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Ohio city officials increase full-time staffing for emergency services

Tipp City officials highlighted staffing and response time improvements in a budget review


Tipp-Monroe Fire Association/Facebook

By Nancy Bowman
Dayton Daily News

TIPP CITY, Ohio — Eight months after Tipp City Council voted to create a full-time emergency services department, its previous staffing of two-full time positions will have reached 14 by the end of November.

Emergency Services Chief Cameron Haller said during a recent 2024 city budget review with council that, with changes made since the March vote, both staffing and response time have improved.

After a budget report last year was mostly negative, this year’s was focusing on the positives already being seen and anticipated.

The city and Monroe Twp., which partners with the city on paying for fire and EMS operations, reviewed for several years options to the traditional volunteer and part-time department staffing structure.

That structure worked for decades until recent years when volunteer numbers dropped due to added training requirements, changes in family dynamics and other factors. It also is becoming more difficult to attract part-time emergency personnel, council was told.

City council voted 4-3 in late March to approve a new structure to go along with the full-time positions of chief and assistant chief. The plan at the time was to hire four full-time captains by fall followed by 12 full-time dual certified employees over the next five years. The department will continue to have part-time employees and volunteers, as available.

The four full-time captains began work in August.

A few weeks before in July, council looked at the plan again after members expressed concerns about complaints, they were receiving such as the time it took for response to a fire and the lack of an ambulance available for a call for a near-drowning of a child.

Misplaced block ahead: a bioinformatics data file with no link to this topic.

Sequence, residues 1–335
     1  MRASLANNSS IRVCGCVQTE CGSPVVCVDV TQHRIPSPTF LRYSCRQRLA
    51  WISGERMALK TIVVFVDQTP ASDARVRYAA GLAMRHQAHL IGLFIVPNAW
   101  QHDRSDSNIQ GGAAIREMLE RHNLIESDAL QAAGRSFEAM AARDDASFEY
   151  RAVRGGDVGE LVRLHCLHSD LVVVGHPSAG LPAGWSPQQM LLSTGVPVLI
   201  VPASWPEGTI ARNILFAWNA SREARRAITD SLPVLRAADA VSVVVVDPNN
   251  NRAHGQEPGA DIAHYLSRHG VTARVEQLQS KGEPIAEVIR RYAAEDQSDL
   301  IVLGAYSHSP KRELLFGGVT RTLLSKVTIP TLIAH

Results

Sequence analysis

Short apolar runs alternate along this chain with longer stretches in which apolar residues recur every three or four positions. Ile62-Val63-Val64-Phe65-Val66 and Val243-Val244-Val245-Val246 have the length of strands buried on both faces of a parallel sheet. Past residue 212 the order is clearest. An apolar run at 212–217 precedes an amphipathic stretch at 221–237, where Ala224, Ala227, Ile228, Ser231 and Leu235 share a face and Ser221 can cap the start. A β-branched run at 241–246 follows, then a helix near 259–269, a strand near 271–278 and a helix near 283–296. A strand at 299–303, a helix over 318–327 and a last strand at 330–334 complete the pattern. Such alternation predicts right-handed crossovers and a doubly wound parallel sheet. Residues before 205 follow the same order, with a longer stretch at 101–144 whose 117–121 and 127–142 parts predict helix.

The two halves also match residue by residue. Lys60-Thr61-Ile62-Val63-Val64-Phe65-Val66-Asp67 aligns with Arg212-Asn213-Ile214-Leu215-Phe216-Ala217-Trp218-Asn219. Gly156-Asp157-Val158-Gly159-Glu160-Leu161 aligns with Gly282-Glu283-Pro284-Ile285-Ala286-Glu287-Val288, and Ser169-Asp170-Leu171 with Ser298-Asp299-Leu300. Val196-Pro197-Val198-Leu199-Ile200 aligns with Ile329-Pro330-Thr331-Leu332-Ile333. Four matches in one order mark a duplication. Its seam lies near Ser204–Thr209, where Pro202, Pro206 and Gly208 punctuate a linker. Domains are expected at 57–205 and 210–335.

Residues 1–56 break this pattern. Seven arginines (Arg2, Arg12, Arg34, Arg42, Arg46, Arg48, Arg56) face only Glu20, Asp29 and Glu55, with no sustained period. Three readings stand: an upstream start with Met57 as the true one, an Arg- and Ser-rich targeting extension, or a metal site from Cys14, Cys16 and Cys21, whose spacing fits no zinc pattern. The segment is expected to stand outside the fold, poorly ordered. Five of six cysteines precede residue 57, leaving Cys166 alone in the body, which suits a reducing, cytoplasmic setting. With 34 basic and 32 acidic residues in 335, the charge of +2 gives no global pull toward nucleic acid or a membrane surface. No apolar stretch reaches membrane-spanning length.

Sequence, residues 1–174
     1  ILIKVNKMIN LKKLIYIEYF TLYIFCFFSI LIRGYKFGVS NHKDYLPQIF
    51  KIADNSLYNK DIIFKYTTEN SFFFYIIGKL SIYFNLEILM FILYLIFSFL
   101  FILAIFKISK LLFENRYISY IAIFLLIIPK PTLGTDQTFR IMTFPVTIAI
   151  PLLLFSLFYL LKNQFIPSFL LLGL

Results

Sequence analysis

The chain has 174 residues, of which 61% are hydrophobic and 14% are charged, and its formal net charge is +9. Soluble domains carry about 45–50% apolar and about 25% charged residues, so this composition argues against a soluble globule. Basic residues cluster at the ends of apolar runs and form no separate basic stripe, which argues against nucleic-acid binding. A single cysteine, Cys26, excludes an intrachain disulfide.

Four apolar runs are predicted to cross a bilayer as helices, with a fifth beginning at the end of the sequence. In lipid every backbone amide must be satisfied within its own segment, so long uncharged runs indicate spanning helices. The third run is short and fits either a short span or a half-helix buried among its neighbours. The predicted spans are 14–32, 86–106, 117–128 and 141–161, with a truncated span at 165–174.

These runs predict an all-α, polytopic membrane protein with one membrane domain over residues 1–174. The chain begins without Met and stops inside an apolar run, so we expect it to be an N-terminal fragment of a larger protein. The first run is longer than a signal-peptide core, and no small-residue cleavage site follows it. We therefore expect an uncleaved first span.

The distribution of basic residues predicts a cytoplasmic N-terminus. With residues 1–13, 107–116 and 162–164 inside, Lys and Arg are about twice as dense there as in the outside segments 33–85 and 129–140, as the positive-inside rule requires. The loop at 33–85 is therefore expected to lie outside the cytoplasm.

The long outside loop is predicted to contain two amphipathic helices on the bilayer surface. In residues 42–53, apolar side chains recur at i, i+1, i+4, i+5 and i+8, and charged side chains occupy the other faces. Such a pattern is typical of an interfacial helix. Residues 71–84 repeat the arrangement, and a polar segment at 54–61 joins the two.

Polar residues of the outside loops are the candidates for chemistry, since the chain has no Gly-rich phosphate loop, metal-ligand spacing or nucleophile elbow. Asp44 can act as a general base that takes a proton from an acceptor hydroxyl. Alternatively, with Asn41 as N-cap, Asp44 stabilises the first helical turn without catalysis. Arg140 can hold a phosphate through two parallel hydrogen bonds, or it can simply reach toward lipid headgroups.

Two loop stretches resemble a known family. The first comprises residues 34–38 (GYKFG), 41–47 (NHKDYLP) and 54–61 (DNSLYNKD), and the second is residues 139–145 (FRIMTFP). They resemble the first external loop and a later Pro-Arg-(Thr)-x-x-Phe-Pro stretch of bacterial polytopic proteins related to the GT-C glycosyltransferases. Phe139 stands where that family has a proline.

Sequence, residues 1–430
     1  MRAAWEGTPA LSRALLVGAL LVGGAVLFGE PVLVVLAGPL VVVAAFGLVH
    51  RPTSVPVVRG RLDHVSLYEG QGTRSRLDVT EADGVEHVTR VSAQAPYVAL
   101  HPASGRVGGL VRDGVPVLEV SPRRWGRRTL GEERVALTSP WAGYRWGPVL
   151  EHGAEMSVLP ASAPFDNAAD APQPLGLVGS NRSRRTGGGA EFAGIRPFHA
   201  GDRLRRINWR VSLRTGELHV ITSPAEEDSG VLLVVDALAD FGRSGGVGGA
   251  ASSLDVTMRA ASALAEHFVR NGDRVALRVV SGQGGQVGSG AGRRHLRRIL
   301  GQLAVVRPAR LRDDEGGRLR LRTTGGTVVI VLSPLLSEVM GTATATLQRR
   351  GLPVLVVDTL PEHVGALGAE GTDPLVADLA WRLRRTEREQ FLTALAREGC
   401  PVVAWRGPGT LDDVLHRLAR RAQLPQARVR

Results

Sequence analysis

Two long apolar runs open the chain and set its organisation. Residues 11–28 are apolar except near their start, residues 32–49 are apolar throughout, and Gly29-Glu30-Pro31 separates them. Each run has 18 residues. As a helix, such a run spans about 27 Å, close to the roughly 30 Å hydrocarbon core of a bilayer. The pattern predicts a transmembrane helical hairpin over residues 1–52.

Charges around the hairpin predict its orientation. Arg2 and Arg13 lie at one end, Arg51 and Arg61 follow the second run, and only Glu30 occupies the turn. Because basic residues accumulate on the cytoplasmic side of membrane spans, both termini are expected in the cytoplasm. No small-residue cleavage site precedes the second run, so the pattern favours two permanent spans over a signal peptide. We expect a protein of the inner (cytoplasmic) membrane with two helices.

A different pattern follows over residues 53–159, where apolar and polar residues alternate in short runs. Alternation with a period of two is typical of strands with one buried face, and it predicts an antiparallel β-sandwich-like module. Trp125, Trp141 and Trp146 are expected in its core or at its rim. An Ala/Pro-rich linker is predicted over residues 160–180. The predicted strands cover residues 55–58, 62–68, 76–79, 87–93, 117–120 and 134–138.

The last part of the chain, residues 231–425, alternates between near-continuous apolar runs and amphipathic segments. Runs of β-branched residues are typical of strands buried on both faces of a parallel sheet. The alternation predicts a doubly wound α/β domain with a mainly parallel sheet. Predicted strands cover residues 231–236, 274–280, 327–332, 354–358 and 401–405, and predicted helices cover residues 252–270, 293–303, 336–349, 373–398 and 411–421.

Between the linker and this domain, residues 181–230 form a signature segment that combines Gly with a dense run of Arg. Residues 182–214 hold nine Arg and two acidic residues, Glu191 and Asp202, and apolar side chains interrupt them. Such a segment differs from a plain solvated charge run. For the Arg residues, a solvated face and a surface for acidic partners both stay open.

Administrators were directed to quickly come up with a plan to change that situation. In August, the accelerated hiring of the planned full-time employees was authorized. The department received 40 applications with eight of those people scheduled to begin work Nov. 19, Haller said.

The hirings brought a budget increase of approximately $800,000. Monroe Twp. trustees pay 27 percent of department costs as part of its contract for services. The city also has funds available from the change in allowable use of a portion of the city income tax from capital improvements to general municipal operations, said John Green, city finance director. The change was approved by voters in November 2022.

Haller said in the Oct. 23 report that department improvements include the captains on duty 24-7. “It has been a nice increase, a jolt to motivation within the station,” he said. Other changes include a paramedic on duty at all times and firefighters on duty at all times.

City Manager Tim Eggleston said hiring the captains for the department command structure was needed to be able to hire the additional emergency personnel. The chief or the assistant chief may not be available due to a number of variables, he said.

“There will be an established line of command so the additional emergency personnel hired know they have someone to respond to with questions and can address issues as they come up during their shift,” he said.

The eight added employees will allow a minimum of three employees on shift daily. “Barring any strange anomalies. Our hope is that part-timers will still sign up for shifts to enhance coverage during the week. Time will tell,” Haller said.

Councilman Robert Schwab encouraged Haller to “keep improving the performance measures” including response times.

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